Junk food: Teen boy holding donut and sweet fizzy drink

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JERUSALEM — Junk food warnings typically relate to one’s heart health or risk for obesity, but a new study says munching on processed, sugary snacks poses a serious threat to the bones of growing kids. Researchers say that highly-processed foods can stunt skeletal growth and leave children with weaker bones — even in small amounts.

Tests on mice show that foods with high fat and sugar levels, along with lots of additives, damage growth plates. The plates, made of soft, flexible cartilage, are found at the end of long bones, like those in the arms and legs. As the name suggests, they’re areas of new bone growth in children and teens.

“Our conclusion was that even in reduced amounts, the ultra-processed foods can have a definite negative impact on skeletal growth,” says professor Erfat Monsonego-Ornan, of the Hebrew University of Jerusalem, in a statement. “When Carlos Monteiro, one of the world’s leading experts on nutrition, said that there is no such thing as a healthy ultra-processed food, he was clearly right. Even if we reduce fats, carbs, nitrates, and other known harmful substances, these foods still possess their damaging attributes.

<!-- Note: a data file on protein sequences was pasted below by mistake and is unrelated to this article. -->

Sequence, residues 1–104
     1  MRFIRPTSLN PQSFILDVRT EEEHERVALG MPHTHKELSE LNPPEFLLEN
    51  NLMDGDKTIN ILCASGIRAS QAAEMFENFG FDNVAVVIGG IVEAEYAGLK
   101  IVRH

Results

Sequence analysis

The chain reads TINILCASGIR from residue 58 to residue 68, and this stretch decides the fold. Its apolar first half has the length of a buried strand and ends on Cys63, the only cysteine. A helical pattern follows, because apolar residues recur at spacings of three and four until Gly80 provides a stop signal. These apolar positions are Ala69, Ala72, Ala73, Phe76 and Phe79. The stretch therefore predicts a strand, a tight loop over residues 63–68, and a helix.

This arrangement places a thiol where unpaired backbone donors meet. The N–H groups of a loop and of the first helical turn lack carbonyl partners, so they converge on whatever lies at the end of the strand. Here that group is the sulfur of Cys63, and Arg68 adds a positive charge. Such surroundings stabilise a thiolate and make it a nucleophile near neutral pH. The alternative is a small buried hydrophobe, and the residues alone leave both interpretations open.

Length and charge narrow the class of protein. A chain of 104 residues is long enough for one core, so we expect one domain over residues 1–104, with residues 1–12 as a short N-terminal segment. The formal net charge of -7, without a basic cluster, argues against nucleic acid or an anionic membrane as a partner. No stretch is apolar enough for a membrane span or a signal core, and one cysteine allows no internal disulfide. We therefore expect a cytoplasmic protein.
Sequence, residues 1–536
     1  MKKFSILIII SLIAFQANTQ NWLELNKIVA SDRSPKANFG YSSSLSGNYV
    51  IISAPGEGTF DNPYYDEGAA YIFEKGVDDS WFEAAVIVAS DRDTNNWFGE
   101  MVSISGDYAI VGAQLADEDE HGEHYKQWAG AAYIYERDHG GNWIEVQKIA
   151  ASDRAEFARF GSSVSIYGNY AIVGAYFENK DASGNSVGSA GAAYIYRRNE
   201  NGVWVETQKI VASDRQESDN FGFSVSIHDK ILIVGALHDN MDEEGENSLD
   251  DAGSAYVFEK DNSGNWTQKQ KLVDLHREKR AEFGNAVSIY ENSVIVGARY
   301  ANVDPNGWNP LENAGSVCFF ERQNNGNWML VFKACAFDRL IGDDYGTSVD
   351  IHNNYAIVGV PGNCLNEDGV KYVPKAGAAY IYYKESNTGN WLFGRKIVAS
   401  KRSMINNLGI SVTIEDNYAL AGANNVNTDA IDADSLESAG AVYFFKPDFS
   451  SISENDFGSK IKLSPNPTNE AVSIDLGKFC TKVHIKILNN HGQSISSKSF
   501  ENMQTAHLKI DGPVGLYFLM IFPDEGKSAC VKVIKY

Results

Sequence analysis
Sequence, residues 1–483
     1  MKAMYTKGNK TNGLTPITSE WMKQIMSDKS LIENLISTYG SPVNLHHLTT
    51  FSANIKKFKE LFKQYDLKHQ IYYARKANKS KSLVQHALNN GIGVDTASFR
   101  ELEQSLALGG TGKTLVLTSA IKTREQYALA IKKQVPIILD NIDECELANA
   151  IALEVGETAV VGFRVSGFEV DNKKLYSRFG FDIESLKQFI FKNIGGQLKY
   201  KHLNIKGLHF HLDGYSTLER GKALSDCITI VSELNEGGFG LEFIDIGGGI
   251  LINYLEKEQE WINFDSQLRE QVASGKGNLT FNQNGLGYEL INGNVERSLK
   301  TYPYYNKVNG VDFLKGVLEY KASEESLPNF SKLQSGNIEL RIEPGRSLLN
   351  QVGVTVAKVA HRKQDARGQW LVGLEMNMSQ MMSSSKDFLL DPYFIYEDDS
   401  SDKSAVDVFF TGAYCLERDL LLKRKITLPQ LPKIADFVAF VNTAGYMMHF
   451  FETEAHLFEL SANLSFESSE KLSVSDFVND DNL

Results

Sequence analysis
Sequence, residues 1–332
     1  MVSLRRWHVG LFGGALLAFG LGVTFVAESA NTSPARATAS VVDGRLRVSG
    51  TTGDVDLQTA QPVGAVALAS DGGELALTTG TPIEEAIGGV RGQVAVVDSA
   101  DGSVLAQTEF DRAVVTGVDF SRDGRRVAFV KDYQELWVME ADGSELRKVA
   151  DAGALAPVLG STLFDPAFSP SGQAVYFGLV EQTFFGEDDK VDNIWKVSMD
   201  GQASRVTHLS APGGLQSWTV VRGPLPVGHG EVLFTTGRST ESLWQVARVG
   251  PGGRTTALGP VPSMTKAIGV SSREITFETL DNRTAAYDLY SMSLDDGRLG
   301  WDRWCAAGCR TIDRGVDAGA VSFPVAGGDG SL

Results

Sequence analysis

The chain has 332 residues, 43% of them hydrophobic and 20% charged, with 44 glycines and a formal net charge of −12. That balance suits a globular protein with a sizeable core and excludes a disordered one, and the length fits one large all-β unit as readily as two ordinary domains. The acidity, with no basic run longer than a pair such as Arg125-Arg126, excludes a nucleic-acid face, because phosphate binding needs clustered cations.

“Every part of the body is prone to this damage and certainly those systems that remain in the critical stages of development,” she adds.

While links between obesity and other mental and metabolic diseases on humans of all ages have been shown in previous studies, the researchers wanted to find out more about the possible effects on bones. This is the first comprehensive analysis to focus on how these kinds of foods affect skeletal development.

Around 70 percent of children’s calories are made up of “ultra-processed” food. These products undergo several stages of processing before being packaged up for kids to scarf down. Previous studies suggest around half of youngsters eat some form of junk food every single day.

So, to make their finding, the research team fed young mice a similar diet. After just six weeks, the rodents showed significant bone weakness and stunted growth in comparison to their counterparts fed a healthier diet.

“Our findings highlight, for the first time, the severe impact of consuming ultra-processed foods on the growing skeleton,” says Monsonego-Ornan. “This pathology extends far beyond that explained by the known metabolic effects, highlighting bone as a new target for studies of modern diets.”

The study is published in the journal Bone Research.

SWNS writer William Janes contributed to this report.

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